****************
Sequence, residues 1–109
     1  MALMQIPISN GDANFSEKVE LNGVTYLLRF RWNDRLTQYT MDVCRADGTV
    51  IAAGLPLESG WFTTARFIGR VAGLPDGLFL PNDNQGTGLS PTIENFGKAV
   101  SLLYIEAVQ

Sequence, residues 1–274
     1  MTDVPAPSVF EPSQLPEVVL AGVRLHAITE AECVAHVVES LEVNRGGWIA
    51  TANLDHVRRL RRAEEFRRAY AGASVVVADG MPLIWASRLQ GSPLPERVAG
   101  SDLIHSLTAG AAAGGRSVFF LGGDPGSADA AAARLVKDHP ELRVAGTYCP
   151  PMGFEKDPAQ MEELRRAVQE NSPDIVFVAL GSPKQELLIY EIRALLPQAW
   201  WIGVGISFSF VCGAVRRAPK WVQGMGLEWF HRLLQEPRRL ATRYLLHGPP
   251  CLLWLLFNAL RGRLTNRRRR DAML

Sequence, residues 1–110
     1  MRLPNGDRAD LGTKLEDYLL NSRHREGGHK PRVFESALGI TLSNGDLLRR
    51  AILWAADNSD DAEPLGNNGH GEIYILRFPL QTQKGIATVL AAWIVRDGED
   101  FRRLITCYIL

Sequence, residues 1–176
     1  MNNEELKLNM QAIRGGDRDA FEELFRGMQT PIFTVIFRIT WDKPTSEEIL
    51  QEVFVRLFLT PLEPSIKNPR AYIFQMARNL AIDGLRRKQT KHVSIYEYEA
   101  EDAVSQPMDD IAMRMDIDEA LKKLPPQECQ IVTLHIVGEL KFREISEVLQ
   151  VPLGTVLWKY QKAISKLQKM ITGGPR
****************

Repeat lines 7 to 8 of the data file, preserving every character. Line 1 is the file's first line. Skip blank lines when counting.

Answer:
    51  TANLDHVRRL RRAEEFRRAY AGASVVVADG MPLIWASRLQ GSPLPERVAG
   101  SDLIHSLTAG AAAGGRSVFF LGGDPGSADA AAARLVKDHP ELRVAGTYCP